Bannister says: “There may well be some job losses, but we don’t know how many. We have promised staff that they will be dealt with fairly. I haven’t yet been told a budget that I must work within just that it will be less than at present. I can see opportunities where there has been duplication and overlap, and this gives us the chance to rationalise things.”
He adds: “I’d certainly like Sue to stay on. She’s done a fantastic job at the BBC in creating a professional marketing team. I would welcome the benefit of her experience.”
He says Farr, as well as Jane Frost, controller of corporate marketing, and Colin Browne, director of corporate affairs, have given marketing a degree of credibility at the BBC. Marketing used to be a dirty word at the corporation, but many producers now cry out for their programmes to be given strong marketing support.
“I’ve always given marketing prominence in what I have done, and I have always believed in it as a discipline so I think that is why it is appropriate for me to get this job,” says Bannister.
Dyke says “raising morale and uniting people across the BBC is a challenge”. He points to a recent staff survey which shows many employees feel divided from the rest of the BBC by differing objectives and that they lack freedom to make things happen”.
By pooling all marketing, PR and promotions into one department, Dyke eliminates one potential source of conflict within the organisation.
A former BBC insider says: “BBC marketing has been dominated by two opposite characters – Farr and Frost – which led to the department being very fragmented.
“Frost is intellectually forceful and genuinely passionate about the BBC.
But she has an awful interpersonal manner. She has overseen some of the most successful marketing exercises in the BBC’s history including Perfect Day and the 75th anniversary trailers which had contributions from Mikhail Gorbachev and others.”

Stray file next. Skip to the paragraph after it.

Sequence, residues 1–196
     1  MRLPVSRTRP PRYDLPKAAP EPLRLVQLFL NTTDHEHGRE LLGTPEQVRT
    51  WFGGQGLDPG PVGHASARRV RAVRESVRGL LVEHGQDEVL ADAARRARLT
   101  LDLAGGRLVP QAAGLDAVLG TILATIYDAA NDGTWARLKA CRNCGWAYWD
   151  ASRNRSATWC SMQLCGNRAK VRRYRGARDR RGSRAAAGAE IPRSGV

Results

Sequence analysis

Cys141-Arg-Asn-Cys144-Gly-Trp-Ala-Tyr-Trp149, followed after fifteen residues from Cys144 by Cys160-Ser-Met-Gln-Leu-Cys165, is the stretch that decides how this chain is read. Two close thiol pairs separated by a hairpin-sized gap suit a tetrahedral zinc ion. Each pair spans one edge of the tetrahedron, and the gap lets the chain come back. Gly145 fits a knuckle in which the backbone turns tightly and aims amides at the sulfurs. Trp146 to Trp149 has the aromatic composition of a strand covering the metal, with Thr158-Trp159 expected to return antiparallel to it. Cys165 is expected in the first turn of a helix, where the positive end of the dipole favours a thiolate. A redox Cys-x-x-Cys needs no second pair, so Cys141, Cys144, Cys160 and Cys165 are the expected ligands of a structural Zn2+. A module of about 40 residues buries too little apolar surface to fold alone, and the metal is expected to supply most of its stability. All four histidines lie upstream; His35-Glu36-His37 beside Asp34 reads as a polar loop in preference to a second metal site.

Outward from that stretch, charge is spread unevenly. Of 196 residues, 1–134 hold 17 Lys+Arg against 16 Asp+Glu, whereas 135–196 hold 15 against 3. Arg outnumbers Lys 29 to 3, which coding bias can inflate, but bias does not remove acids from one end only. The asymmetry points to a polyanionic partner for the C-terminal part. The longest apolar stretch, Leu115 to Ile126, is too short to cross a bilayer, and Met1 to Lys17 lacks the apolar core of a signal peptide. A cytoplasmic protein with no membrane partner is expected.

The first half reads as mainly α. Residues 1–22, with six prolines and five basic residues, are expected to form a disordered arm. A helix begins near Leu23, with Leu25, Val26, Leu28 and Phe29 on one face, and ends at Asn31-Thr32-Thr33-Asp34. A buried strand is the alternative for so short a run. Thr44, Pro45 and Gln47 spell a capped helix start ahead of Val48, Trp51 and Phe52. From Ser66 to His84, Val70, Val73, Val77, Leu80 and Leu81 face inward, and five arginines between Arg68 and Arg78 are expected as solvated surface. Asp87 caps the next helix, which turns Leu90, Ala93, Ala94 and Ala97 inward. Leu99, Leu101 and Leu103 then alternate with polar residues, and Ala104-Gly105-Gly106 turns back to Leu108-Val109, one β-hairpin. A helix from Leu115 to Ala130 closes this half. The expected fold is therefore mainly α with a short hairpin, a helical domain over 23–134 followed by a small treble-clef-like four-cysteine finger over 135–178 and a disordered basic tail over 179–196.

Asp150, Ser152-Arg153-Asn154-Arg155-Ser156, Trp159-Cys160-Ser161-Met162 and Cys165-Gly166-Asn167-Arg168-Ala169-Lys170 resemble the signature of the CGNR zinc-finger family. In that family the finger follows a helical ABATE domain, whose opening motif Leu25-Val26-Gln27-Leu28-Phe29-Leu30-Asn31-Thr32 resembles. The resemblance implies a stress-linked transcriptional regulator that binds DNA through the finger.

The insider says Farr “has admitted privately that she is not a great strategist and she delegates the task. But she is the consummate communicator and a very clever politician.”
There were rumours that Farr and Frost did not get on well. “By the end, they could not sit in the same room together,” says the insider.
Advisers are believed to have told Birt to seek a single marketing director, somebody with a strong track record who sat on the board.
Insiders say Dyke did not take to Farr’s Chanel suits approach, while he thought Frost “too high-minded”. He then bowed to Bannister’s supplications to be handed control of the department.
Changes to BBC One
One of Dyke’s first changes is understood to be a shake-up of BBC One’s Saturday night schedule, with plans to put Match of the Day on at 6pm, followed by a fourth episode of EastEnders, the National Lottery draw and drama.
The changes introduced at the BBC this week will be another cause for concern at ITV, which has experienced declining audience share figures for the first quarter of this year.
The channel has been criticised for not showing enough films to attract younger viewers.
One media buyer says ITV still without a chief executive will be under increased pressure next year, when the BBC will have an extra &£200m to plough into programming.